It’s the most wonderful time of the year.
We’re supposed to be laughing, caroling and snuggling by the fire.
Instead, we’re cutting each other off, stuffing ourselves, and knocking each other down to buy things we don’t need and can’t afford. Straight No Chaser’s Christmas Can-Can is stuck on repeat as we gear up for our end of the year spending finale. SERENITY. NOW.
We’ve already endured Halloween candy out by spring, struggled to find a bathing suit on June 1st (unless you rock a purple leopard-print look). We’ve made it through Black Friday, Cyber Monday, and a year of never-ending “One-Day” sales, the ones that run Wednesday through Friday, four times a month.
Now we’re told that it’s our LAST CHANCE to cram even more into our gorged stomachs, houses, and psyches. That we MUST HAVE inflatable Santas on our roofs and $25 Tervis mugs to keep our hot cocoa warm. We flip for 50 percent-off from stuff marked up 62 percent to begin with. Look at this dress! (to be worn only once because of social media) that was supposed to cost $375 but is only $150. OMG.
Gone are the days when we could show up with a six-pack and loaf of homemade banana bread. Handwritten cards have been replaced with airbrushed professional photographed family pictures with clever salutations. We don’t feel worthy unless we arrive with an organic bottle of wine in town wrapped in a perfect glittery gift bag that says something magical like “Live. Laugh. Love” on it, even though everyone knows there will be no time to do such novel things because it’s only stop two of seven of the holiday madness.
American consumers save 5 percent of earnings each year and support 70 percent of the gross domestic product. James Gustave Speth, author of America the Possible: Manifesto for a New Economy, says that “the stamina of shoppers is crucial for global growth.” Our spending is costing us more than money. It’s gobbling up resources we could be using to devote to evidence-based ways of maintaining our health.
Here are three considerations to help you rethink your way to saner holidays:
1. Ignore the flashing reindeer in your neighbor’s yard. Watch out for social comparison. One of the reasons we fall for vices of consumerism is because of our hard wiring for social comparison. Speth says that in the face of our consumer society, our tendency to compare ourselves becomes “grotesquely exploited.” We hate being outdone. Psychologist Sonja Lyubomirsky’s research on happiness reveals that we are even willing to accept a worse outcome for ourselves, than to have someone beat us. Our Keeping up with the Kardashian mindsets can leave us as what Buddhist tradition calls “hungry ghosts,” those feasting on a consumeristic, materialistic diet that leaks out as fast as it goes in, like Jack Sparrow from Pirates of the Caribbean.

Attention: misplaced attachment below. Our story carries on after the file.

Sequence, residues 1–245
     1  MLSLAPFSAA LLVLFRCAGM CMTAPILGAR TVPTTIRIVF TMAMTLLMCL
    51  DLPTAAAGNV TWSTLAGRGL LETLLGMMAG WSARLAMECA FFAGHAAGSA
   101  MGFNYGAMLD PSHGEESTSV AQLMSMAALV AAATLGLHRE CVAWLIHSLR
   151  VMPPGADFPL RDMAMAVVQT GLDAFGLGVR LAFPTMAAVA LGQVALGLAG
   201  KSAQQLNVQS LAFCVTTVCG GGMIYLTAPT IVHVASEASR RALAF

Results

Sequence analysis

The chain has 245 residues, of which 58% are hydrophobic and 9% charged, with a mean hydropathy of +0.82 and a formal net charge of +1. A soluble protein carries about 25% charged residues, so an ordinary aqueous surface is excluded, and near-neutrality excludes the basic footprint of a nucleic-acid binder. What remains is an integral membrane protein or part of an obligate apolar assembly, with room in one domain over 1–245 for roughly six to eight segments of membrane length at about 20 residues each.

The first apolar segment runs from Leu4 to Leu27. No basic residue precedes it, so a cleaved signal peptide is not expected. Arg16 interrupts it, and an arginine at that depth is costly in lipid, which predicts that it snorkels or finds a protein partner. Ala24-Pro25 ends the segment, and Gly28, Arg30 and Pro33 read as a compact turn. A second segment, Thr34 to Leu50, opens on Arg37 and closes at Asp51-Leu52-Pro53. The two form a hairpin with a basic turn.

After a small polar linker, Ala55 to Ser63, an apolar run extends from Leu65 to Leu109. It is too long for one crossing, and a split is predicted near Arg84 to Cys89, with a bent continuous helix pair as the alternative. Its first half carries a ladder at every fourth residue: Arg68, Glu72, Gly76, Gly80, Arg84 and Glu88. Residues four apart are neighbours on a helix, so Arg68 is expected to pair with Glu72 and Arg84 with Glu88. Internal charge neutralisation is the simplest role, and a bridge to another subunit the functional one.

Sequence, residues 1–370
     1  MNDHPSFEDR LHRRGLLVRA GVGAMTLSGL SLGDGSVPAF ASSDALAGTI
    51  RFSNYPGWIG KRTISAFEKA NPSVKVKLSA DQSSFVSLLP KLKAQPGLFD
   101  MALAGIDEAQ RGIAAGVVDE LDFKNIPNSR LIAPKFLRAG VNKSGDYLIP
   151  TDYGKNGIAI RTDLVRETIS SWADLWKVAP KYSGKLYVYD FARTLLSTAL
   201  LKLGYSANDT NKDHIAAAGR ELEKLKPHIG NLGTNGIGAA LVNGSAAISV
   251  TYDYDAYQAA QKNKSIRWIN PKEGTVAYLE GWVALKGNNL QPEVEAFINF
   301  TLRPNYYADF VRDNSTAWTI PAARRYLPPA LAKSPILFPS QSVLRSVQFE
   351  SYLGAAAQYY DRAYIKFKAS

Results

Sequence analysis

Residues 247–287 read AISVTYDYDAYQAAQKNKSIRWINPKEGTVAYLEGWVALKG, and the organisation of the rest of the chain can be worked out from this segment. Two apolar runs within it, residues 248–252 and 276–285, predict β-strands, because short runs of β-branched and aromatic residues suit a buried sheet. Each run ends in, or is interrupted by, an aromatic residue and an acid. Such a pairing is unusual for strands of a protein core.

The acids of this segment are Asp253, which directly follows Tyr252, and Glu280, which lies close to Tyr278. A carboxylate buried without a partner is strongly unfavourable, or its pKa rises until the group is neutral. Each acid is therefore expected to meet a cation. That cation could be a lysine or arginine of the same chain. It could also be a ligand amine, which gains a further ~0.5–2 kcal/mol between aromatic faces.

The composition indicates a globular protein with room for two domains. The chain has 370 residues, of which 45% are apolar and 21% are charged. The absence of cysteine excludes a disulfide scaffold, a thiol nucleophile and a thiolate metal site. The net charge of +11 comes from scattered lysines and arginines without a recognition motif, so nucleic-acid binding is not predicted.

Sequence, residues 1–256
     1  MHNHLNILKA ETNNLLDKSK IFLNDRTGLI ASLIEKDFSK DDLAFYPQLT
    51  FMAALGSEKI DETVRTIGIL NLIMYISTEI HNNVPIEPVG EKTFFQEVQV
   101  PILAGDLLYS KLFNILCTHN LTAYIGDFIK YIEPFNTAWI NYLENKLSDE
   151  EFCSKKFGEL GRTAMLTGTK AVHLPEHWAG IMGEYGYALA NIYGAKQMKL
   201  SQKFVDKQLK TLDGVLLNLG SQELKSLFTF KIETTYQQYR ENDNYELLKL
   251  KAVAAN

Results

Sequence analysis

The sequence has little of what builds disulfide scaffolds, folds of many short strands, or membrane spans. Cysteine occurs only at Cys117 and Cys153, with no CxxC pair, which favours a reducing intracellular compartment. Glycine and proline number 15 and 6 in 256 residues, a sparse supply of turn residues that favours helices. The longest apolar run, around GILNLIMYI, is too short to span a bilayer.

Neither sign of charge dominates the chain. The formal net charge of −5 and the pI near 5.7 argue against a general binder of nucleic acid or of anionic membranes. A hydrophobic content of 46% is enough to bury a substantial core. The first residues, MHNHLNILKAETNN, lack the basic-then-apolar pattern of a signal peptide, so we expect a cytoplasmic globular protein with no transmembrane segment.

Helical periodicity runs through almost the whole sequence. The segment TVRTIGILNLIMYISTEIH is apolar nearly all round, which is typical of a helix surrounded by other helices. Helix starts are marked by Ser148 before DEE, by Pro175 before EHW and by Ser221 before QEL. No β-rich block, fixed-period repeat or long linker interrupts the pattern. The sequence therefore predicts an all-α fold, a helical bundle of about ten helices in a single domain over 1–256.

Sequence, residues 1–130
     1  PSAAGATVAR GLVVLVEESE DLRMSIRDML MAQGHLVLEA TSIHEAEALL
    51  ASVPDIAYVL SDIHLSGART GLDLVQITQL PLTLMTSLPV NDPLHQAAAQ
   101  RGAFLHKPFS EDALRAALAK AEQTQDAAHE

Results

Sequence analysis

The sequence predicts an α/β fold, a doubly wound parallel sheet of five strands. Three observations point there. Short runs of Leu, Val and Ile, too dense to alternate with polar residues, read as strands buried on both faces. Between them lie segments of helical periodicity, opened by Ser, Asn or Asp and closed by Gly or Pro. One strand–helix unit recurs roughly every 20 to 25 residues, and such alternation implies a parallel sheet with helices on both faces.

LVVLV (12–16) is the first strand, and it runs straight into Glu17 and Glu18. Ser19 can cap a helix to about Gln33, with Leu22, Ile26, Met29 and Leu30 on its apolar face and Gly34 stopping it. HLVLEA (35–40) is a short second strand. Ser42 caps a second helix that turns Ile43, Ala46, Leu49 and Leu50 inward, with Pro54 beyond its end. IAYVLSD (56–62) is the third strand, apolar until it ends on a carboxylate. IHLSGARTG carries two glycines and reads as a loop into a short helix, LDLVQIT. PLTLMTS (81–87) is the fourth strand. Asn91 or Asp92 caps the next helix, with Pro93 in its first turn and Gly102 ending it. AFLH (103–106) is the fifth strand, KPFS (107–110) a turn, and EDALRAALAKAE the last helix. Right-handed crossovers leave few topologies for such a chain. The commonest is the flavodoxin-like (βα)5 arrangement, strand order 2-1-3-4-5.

2. Bring back the banana bread. In his book Consuming Life, sociologist Zygmunt Bauman names our departure from a time when we used to make things to one in which we consume them leads to trouble. What if we brought back simple giving, to allow for more time to be connected with each other? What if we started showing up with banana bread equivalencies so we can put our energy and resources in places that matter? What if we brought presence, not presents?
3. Don’t confuse wants with needs. Bauman also reminds us not to confuse duty to buy with privilege to do so. We fall into thinking we have to have things, or that we deserve them, and then go on to throw ninety percent of what we buy goes into the trash within six months. We think that what we acquire is a testament to our self-worth and identity. As Bauman put it:
"Consumer markets breed dissatisfaction with the products used by consumers to satisfy their needs-and they also cultivate constant disaffection with the acquired identity and the set of needs by which such an identity is defined. Changing identity, discarding the past and seeking new beginnings, struggling to be born again-they are promised by a culture as a duty disguised as a privilege.”
As you maneuver through all the noise this holiday season, think about what might shift if we devoted our resources to creating things, to simpler kinds of giving, to not resting our laurels on what we acquire to define our identities. What if we stopped treating our wants as needs and stopped thinking we are in a state of emergency when we don’t have the best of best for ourselves and our loved ones? What if we took all the wasted time and money and turned it into sharing abundance on a grander scale? What if we started to see beyond our own privilege, and find ways to give that make a lasting impact?
Watching out for social comparison, simple giving, and sharing privilege are just three ways to help preserve our individual and collective sanity. What are some of the ways you’ve rethought the holidays? Here’s to a wonderful time of year for everyone, with less stuff and more presence.
Suls, J., & Wills, T. A. (Eds.). (1991). Social comparison: Contemporary theory and research. Hillsdale: Lawrence Erlbaum Associates.
Speth (2013). America the Possible: Manifesto for a New Economy. New Haven: Yale University Press.
Toosi, M. (2002). Consumer spending: an engine for U.S. job growth. Monthly Labor Review, https://www.bls.gov/opub/mlr/2002/11/art2full.pdf.
Bauman, Z. (2011). Consuming Life. Cambridge: Polity Press. See also Definition of Consumerist Culture. ThoughtCo website, https://www.thoughtco.com/consumerist-culture-3026120.
Lyubomirsky, S. (2007). The How of Happiness: A New Approach to Getting the Life You Want. New York: Penguin.